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Comment Re:Priorities (Score 1) 23

You know things are bad when their stock price drops back to under $20, their COO quits, a whole new site Gab was created to fight their wildly biased censorship practice, and to solve the problem, they put the ban-hammer into overdrive.
Twitter's key shareholders include #3: Steve "Monkeyboy" Balmer, and #2: Saudi royal PrinceAlwaleed Bin Talal. Meanwhile buyout investors are not happy with what they see.

Comment Police are addicted to lazy investigative methods. (Score 1) 353

As soon as the first (legal) wire taps started yielding results, police have gotten lazier and increasingly addicted to doughnut-friendly investigation techniques.
Technology has caught up, plugged the phreaking and now wiretapping holes. Lazy investigators should be following suspects, working leads, and building cases, not whining about the technology.
Bad guys aren't caught by peppering the entire world with script kiddie cracking vulnerabilities.
Do your job.

Comment Re:Apple committing slow suicide, Tim Cook assisti (Score 1, Interesting) 217

The fact that Apple is still selling apple products in UK is testament to Tim Cook's more even keel.

How easily you forget the Steve that swore to use Apple's entire cash cache (ha!) to destroy Google. Steve's solution might well have been to pay applicable fines, pull ALL iOS products from the UK, write an open letter to the judge and let public pressure roast the responsible magistrates alive.

Like it or not, Apple IS the big kid in the playground, and they DO make excellent products that generates enormous public demand. Steve repeatedly used that demand like heavy artillery, I don't think he'd hesitate to do so with the little island off the coast of Europe.

The bottom line is that the UK (through consumer demand) needs Apple far more than Apple needs the UK market.

Comment Re:So he hasn't learned a thing. (Score 1) 576

I've got an MBA, it's a very useful degree if you actually learn from it- most holders of the degree don't. The education itself can be gained by learning stats, financial statements, and reading a handful of well-chosen business case studies (avoid those Harvard writes, it's a brand now, no real education).

Generally a (real) MBA is all about minimax efficiency, and making good decisions with imperfect information; values most geeks/engineers hold dear. Poor MBA'ing just like poor engineering is vile.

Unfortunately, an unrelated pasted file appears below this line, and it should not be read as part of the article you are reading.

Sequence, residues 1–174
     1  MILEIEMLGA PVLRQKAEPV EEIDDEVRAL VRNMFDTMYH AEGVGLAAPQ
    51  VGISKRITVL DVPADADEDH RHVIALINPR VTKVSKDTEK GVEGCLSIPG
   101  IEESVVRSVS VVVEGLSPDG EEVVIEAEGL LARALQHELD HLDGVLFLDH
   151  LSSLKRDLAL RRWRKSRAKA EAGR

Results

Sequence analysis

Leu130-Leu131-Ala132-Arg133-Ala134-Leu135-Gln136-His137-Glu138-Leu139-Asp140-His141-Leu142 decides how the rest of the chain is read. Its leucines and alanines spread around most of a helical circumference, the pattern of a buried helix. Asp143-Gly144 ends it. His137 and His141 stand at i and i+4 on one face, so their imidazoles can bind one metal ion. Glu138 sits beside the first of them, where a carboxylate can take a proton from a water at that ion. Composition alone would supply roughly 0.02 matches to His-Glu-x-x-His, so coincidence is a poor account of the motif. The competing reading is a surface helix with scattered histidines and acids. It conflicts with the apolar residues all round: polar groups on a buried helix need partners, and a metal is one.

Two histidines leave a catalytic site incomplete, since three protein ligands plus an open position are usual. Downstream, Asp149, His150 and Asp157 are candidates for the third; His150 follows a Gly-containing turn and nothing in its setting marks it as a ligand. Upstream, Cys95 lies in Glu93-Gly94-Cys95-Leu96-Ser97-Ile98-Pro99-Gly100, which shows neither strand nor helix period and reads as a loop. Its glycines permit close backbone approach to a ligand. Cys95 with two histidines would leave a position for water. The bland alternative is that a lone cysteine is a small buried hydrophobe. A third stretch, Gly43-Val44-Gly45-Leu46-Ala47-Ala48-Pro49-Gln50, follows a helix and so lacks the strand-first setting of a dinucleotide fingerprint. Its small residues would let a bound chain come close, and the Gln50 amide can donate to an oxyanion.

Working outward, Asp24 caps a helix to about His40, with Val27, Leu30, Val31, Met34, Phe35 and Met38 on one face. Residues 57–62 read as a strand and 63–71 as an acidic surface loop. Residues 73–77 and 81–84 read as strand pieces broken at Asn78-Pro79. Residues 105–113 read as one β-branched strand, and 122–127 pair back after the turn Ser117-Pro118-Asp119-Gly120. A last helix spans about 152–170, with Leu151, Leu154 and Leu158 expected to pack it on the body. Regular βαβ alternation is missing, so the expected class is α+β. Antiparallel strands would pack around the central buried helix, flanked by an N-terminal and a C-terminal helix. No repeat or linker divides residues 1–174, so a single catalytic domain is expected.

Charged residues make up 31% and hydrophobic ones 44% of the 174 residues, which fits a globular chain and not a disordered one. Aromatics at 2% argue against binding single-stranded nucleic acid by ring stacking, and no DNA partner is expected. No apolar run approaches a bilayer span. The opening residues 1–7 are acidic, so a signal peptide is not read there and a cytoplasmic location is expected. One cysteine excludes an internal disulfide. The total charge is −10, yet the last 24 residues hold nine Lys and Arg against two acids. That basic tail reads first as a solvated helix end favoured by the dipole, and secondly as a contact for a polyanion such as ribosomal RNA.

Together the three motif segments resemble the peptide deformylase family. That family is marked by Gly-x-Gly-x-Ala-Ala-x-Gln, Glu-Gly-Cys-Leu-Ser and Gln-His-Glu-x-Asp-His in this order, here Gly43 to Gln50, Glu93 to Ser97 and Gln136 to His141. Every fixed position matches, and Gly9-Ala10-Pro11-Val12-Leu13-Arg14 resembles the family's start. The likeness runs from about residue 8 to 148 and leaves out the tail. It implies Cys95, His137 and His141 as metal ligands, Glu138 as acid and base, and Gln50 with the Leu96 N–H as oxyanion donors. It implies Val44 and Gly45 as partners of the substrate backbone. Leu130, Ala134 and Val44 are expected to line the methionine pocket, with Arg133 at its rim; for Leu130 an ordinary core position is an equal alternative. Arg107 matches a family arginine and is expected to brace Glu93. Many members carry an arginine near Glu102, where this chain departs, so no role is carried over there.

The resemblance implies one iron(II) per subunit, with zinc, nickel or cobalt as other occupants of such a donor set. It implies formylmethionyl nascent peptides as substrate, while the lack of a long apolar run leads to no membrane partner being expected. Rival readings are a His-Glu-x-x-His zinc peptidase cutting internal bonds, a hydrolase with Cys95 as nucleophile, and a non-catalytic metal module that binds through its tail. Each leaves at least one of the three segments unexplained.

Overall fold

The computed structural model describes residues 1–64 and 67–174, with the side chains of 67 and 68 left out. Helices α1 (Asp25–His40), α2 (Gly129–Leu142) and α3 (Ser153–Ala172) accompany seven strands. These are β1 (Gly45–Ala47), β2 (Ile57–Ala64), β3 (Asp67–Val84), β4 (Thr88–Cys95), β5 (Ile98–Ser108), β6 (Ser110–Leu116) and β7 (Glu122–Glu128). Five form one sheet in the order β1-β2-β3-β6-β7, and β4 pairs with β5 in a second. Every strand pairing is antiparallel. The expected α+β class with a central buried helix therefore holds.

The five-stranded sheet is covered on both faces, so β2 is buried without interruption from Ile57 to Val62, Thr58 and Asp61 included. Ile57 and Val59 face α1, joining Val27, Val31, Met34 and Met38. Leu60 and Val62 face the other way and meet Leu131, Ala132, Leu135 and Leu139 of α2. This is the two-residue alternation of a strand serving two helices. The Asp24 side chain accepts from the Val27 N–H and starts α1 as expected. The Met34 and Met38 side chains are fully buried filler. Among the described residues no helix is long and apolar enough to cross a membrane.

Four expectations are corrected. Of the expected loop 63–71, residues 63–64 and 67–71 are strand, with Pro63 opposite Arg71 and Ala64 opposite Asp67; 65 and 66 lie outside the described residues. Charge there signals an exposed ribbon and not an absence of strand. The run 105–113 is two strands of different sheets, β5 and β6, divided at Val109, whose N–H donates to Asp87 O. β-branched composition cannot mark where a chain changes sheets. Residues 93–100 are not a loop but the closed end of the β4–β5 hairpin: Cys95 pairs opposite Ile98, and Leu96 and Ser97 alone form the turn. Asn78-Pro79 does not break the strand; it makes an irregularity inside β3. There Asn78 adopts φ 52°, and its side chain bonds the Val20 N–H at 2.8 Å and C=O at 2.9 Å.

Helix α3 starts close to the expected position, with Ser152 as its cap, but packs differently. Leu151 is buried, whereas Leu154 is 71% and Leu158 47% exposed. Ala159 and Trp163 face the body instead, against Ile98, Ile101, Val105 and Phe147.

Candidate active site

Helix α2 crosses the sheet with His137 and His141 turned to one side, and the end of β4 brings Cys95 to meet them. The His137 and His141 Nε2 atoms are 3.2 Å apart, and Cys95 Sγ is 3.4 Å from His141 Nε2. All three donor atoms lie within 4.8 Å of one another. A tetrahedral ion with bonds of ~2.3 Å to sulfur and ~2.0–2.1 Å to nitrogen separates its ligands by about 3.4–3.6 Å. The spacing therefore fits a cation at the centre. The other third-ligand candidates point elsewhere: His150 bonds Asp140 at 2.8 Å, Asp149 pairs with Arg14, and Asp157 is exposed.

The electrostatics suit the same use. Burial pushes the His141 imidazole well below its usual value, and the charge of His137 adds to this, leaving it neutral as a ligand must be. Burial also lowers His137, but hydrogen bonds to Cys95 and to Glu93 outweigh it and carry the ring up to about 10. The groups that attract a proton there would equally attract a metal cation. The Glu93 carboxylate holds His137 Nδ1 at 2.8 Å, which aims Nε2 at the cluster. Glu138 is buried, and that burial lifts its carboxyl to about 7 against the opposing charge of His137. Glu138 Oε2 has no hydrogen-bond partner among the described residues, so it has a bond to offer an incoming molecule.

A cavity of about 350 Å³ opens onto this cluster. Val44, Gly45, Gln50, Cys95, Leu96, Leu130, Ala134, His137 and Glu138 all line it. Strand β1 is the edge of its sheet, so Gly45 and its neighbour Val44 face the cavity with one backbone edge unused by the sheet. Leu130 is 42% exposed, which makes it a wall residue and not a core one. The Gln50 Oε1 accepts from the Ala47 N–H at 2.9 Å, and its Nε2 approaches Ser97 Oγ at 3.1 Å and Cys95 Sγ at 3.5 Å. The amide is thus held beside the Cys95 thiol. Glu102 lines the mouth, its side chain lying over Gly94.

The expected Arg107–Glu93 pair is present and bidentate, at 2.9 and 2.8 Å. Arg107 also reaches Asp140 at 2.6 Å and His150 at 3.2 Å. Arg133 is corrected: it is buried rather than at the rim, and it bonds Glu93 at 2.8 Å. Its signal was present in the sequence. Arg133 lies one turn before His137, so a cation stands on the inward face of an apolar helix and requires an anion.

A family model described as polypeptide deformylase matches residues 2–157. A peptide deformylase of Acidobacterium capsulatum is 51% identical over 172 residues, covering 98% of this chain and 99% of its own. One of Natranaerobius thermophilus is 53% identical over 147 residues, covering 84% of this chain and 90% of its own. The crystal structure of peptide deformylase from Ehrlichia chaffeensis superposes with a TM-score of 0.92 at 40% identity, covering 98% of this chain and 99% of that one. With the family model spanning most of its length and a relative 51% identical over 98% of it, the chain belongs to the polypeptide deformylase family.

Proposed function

(I also did half a JD before hating the toxic, simplistic, reductionist thought process so much I couldn't stand it any longer. Disgusting parasites, lawyers.)


Submission + - Creepy Flo from Progressive Wants to Monitor Your (

quibbler writes: "Progressive Insurance now offers "Snapshot" BigBrother monitoring for your car's diagnostic port. It's voluntary (for now), doesn't care where you go (for now), only how you drive (for now), and can only decrease your rates (for now). It's cute technology, but I find the myriad of slippery slopes here as creepy as flo herself (and her sister, the delta girl)."

Comment You're going to find that rather difficult. (Score 0, Flamebait) 351

...without your manned launch ability.

I think it's funny how much touting of past success and distant future goals the present administration seems to do after dismantling the US manned space program by executive order. (Rushed out days before congress could vote on emergency funding.)

Comment End of an era... (Score 1) 520

As a user of Photoshop since 2.0 on the Mac, a user of most of Adobe's other products since they were owned by other companies I might offer a bit of a different take on this:

Adobe used to be a valued partner both in business and spirit for Apple. Both companies grew. Apple maintained much of its entrepreneurial spirit. Adobe didn't. Since the early days, Apple has transformed numerous times in numerous ways. Apple's newest direction indeed takes it more towards broad consumer 'data ubiquity' devices much like what Ford's did with cars. That doesn't mean they are abandoning the Mac "truck" (to use Steve's analogy) line, but that line is mature.

In the same time, Adobe has done about a millimeter beyond porting their software to different architectures and platforms. I've watched them do nothing year after year. I like the heal brush, and I use it occasionally. I like the increased integration of pdf/illustrator. To be fair, InDesign is nice, but largely unrealized and unpolished. Is that 15 years of development? When Adobe was a bright star, the applications were written by teams in the 2-digit range. Adobe has adopted the Microsoft 4-digit development team strategy, and it shows. Watching Adobe's fit about Apple's (good) decision regarding flash was simply sad to watch, and I knew how bad things must be in SanJose.

Today, I dread launching any Adobe product, especially on anything less than a 8-core Mac Pro. I use it when I must because its the mortar between the bricks.

What Adobe doesn't understand is that today, to write a Photoshop killer, an Illustrator killer, even an InDesign killer is possible and Adobe's monopoly stranglehold on the graphics industry has almost decayed completely from a technical point of view. If the merger happened today, I'm afraid Apple would have (superior) replacements available quickly. I look forward to these. People will migrate easily, and then the inevitable; some Windows-users will actually switch just to get them, and Apple gets stronger. (If this seems like a fanboy fantasy look into the history of Safari/webkit, Final Cut Pro, and Aperture.)

I already miss the old Adobe, I won't miss the current husk that it is now.

Suggestion to Adobe: instead of merging with another bloatware company, consider focusing on efficiency, hiring some imaging-technology innovators and axing the old guard.

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